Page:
When you create a link to a URL or a local (but external) file in InDesign, the link subtype exported to PDF is always "URI", so Acrobat or Adobe Reader will send the address to your default browser. If that browser is subsequently configured not to open PDF files inline, it will pass the address to a new process instance of your default PDF reading application - resulting in it appearing to the user that the first PDF file has directly-opened another window, but with a browser instance also on the taskbar. By that time the concept of "being in the same folder" has been lost.

                  • 6. Re: InDesign to Adobe Acrobat to Adobe Reader Link problem
                    Karen_Little Community Member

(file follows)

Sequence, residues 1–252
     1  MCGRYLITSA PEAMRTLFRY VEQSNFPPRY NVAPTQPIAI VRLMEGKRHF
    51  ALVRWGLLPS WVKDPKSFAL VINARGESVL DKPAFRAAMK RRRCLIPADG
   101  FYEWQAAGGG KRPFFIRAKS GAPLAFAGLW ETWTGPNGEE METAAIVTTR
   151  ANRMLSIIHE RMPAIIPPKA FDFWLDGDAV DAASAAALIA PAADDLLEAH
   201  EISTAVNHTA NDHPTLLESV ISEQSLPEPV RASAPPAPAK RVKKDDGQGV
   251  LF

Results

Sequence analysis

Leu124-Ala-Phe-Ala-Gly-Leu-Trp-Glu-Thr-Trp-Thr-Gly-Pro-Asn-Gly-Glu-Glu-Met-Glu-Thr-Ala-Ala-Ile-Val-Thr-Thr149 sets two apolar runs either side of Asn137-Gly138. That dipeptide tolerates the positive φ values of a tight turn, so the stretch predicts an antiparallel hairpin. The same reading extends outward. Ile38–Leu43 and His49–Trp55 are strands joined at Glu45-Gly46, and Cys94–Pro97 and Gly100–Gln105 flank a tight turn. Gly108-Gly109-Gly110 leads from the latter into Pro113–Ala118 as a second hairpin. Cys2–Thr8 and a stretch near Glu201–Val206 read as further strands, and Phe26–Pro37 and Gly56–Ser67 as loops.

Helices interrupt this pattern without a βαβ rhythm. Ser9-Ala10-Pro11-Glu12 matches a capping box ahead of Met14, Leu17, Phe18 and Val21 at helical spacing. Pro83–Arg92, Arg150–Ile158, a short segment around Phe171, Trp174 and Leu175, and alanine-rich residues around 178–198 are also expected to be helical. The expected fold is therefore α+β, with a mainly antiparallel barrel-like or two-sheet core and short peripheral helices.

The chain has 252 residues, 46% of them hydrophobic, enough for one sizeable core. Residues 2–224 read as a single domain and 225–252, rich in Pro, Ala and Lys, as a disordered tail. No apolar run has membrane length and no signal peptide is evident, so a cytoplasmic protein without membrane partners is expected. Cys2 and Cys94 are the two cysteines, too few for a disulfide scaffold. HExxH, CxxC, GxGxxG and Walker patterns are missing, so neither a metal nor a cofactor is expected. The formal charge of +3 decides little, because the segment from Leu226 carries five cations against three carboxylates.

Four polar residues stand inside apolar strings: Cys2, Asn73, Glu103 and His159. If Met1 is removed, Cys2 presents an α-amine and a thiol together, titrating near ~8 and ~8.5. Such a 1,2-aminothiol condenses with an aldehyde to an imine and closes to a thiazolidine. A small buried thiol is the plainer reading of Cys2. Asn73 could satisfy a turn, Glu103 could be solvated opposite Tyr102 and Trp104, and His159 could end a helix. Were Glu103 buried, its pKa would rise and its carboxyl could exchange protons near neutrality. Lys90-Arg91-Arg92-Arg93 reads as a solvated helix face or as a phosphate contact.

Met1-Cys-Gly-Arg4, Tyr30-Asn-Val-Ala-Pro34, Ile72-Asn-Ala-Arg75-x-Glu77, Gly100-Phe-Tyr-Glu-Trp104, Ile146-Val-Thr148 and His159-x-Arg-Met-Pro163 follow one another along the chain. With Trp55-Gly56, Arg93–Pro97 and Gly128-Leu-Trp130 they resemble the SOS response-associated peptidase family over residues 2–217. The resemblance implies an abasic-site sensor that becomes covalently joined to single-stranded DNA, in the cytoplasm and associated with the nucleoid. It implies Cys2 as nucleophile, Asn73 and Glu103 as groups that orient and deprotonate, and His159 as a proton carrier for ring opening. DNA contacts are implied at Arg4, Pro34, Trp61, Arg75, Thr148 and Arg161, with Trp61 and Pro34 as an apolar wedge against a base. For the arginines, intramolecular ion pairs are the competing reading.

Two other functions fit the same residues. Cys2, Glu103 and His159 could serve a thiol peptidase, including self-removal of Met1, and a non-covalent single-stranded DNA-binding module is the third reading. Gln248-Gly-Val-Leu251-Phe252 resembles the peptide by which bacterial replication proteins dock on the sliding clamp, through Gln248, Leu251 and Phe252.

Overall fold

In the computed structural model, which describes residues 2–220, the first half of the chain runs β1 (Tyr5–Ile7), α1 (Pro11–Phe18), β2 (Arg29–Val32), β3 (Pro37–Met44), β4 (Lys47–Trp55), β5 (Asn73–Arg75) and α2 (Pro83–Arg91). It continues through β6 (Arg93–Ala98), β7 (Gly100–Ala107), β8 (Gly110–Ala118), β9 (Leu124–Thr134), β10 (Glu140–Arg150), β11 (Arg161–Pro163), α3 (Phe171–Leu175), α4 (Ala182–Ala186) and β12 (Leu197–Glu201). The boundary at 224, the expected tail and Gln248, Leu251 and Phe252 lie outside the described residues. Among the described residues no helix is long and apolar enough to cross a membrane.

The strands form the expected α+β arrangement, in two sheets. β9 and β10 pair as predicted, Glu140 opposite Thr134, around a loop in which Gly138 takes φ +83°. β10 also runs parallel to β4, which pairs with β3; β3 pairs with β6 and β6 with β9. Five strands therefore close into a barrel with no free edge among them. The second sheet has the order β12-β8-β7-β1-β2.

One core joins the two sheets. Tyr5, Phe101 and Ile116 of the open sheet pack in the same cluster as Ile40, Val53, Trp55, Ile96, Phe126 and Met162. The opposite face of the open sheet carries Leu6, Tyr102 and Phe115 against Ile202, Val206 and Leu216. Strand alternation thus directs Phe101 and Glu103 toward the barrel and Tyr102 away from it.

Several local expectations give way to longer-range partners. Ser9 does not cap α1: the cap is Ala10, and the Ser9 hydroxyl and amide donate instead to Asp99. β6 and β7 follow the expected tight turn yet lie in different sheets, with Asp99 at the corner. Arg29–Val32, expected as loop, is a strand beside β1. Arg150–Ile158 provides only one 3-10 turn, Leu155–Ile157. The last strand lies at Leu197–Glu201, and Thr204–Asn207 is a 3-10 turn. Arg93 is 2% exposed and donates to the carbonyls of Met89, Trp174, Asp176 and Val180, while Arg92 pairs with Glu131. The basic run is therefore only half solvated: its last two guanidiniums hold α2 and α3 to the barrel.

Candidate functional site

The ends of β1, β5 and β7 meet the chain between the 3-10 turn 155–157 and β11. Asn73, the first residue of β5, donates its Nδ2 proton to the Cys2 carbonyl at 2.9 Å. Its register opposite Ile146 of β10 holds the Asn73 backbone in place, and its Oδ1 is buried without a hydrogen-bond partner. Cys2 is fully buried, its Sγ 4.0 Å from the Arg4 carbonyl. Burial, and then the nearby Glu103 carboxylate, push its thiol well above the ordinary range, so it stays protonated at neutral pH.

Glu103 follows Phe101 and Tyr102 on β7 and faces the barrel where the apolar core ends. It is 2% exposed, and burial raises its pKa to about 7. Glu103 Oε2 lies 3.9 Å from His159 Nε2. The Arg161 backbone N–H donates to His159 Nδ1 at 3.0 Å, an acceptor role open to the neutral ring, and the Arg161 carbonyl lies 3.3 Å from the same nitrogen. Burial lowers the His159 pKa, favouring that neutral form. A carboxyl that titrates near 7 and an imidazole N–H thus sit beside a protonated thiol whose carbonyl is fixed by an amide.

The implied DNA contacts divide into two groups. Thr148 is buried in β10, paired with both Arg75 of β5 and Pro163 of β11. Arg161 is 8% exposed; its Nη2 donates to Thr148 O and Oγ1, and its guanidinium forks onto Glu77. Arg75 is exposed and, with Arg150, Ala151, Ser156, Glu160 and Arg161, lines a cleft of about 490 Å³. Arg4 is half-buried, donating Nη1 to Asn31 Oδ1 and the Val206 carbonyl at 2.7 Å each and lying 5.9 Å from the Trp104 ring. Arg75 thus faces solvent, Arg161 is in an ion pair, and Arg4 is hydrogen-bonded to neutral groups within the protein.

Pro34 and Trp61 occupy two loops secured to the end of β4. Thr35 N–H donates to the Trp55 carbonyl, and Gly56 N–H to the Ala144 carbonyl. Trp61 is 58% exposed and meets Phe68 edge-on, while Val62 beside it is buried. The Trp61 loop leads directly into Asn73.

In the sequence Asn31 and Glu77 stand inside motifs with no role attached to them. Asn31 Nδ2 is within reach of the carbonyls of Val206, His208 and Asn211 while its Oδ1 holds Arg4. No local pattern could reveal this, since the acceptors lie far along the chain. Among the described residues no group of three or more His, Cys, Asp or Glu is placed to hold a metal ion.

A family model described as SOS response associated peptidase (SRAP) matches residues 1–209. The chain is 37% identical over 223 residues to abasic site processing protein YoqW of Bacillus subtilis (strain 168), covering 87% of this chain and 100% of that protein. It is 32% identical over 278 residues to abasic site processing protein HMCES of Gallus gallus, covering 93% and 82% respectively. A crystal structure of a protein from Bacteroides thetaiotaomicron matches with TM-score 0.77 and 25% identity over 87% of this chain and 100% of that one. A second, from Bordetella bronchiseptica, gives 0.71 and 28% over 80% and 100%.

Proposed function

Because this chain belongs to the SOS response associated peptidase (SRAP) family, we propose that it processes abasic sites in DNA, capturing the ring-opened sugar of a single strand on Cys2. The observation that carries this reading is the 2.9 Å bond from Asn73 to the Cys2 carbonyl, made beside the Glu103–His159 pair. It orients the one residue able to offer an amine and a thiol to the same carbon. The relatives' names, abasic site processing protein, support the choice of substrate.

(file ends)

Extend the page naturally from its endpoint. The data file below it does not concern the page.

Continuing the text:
Peter, I will report the problem at the link you provided. Appreciated!

                     

                    We've created a really cool application that uses Acrobat by creating documentation in InDesign, then spooling it out in Acrobat. This link business is heartbraking, although in our case, it's possible for everyone in need to have a copy of Acrobat, rather than Adobe Reader, to access the information. We are lucky.

                     

                    It is strange that Microsoft Word gets it right. When you make a file link in Word, then convert the document to a PDF, the link translation is correct. That's the least InDesign should accomplish!

                    • 7. Re: InDesign to Adobe Acrobat to Adobe Reader Link problem
                      Karen_Little Community Member

                      David - I appreciate your love for the Adobe company, but the link issue is a bug. I, as a consumer, should not have to stand on my head to figure out how Adobe's software works. At minimum, this software is too expensive to kludge. Besides that, we purchased InDesign because the material we developed in Word made such a good translation to PDF files, that we assumed that Adobe, being the owner of the PDF/Acrobat system, would do as good, or better.